– The Washington Post

"A monstrous theatrical challenge... deeply connected in tone to the nostalgic memory of that 1971 movie."
– Variety

Connect

Billing

Based on the book, "Charlie and the Chocolate Factory" by Roald Dahl.

Requirements

You must give the authors/creators billing credits, as specified in the Production Contract, in a conspicuous manner on the first page of credits in all programs and on houseboards, displays and in all other advertising announcements of any kind.
Percentages listed indicate required type size in relation to title size.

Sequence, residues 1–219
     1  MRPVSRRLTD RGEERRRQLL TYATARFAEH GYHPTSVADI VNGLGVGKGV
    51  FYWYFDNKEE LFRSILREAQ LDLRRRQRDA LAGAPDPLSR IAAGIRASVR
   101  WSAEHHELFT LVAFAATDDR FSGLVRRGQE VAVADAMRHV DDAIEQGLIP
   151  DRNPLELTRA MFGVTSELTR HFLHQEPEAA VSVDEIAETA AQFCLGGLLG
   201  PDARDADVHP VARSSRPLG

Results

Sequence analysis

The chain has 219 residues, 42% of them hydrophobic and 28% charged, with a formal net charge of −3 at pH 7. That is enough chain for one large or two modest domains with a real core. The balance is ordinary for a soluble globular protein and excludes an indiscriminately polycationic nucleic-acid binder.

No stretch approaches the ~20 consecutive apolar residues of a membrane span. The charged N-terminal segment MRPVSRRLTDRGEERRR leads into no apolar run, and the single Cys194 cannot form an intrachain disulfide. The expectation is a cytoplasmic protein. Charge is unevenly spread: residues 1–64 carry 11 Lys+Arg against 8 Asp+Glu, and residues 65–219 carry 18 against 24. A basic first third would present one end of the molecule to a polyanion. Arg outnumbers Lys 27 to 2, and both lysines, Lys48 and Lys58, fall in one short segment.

ROALD DAHL'S
WILLY WONKA
(100%)
 
Music and Lyrics by
LESLIE BRICUSSE and ANTHONY NEWLEY
(50%)
 
Adapted for the Stage by LESLIE BRICUSSE and TIMOTHY ALLEN MCDONALD
(50%)
 
Based on the Book "CHARLIE AND THE CHOCOLATE FACTORY" by ROALD DAHL
(50%)
The videotaping or other video or audio recording of this production is strictly prohibited

Included Materials

ItemQuantity Included
LIBRETTO/VOCAL BOOK20
PIANO CONDUCTOR'S SCORE1
PIANO VOCAL SCORE1
STUDY GUIDE1
TYA PERFORMANCE TRACKS1

Production Resources

Resource
FULL SCORE ACT 1
FULL SCORE ACT 2
HOW DOES THE SHOW GO ON-10/CS
HOW DOES THE SHOW GO ON?
LOGO PACK
LOGO PACK DIGITAL
PRODUCTIONPRO

STANDARD ORCHESTRATION

InstrumentationDoubling
BASS
CELLO
DRUMS
HORN
KEYBOARD 1
KEYBOARD 2
REED 1FLUTE
REED 2ENGLISH HORN (OPT.) , OBOE
REED 3Bb CLARINET , BASS CLARINET , BASSOON
TROMBONE
TRUMPET
VIOLIN